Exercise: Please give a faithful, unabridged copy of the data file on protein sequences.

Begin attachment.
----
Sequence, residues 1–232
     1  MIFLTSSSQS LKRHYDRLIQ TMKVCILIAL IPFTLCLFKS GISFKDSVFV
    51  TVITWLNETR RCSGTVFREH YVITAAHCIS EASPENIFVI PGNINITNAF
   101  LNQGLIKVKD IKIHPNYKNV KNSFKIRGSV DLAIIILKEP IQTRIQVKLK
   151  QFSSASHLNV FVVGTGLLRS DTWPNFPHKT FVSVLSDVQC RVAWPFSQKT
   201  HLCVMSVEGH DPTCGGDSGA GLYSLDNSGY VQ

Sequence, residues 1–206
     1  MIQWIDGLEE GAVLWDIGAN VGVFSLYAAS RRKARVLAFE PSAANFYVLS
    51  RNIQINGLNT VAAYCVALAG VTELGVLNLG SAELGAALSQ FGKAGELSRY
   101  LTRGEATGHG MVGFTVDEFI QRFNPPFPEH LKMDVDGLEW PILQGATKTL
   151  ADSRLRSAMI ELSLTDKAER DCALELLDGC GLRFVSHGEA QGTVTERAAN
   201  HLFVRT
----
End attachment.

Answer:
Sequence, residues 1–232
     1  MIFLTSSSQS LKRHYDRLIQ TMKVCILIAL IPFTLCLFKS GISFKDSVFV
    51  TVITWLNETR RCSGTVFREH YVITAAHCIS EASPENIFVI PGNINITNAF
   101  LNQGLIKVKD IKIHPNYKNV KNSFKIRGSV DLAIIILKEP IQTRIQVKLK
   151  QFSSASHLNV FVVGTGLLRS DTWPNFPHKT FVSVLSDVQC RVAWPFSQKT
   201  HLCVMSVEGH DPTCGGDSGA GLYSLDNSGY VQ

Sequence, residues 1–206
     1  MIQWIDGLEE GAVLWDIGAN VGVFSLYAAS RRKARVLAFE PSAANFYVLS
    51  RNIQINGLNT VAAYCVALAG VTELGVLNLG SAELGAALSQ FGKAGELSRY
   101  LTRGEATGHG MVGFTVDEFI QRFNPPFPEH LKMDVDGLEW PILQGATKTL
   151  ADSRLRSAMI ELSLTDKAER DCALELLDGC GLRFVSHGEA QGTVTERAAN
   201  HLFVRT